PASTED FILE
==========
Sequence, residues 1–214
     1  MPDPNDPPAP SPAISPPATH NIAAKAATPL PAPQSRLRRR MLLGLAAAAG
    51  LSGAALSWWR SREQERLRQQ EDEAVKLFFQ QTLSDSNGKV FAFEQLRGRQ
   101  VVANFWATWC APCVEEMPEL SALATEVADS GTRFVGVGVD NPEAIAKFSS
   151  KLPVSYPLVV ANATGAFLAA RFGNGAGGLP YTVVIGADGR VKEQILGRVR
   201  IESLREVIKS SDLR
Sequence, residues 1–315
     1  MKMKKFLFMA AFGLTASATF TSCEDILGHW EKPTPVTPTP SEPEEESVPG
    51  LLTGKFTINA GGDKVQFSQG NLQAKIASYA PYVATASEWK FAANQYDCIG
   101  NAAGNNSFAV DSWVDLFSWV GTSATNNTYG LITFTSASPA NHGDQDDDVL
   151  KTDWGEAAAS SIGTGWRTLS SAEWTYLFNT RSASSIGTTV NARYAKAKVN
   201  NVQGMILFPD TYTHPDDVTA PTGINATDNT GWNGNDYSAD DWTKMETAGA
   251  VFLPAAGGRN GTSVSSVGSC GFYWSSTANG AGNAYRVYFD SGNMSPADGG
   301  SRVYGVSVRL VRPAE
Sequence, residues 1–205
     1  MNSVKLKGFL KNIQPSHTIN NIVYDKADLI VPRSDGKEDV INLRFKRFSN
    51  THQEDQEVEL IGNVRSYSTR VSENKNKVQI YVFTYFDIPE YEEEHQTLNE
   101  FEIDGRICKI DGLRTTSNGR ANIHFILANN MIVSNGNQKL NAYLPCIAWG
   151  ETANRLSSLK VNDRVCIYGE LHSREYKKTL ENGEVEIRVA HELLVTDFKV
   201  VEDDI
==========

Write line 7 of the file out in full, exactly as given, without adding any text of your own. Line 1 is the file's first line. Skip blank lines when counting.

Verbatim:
Sequence, residues 1–315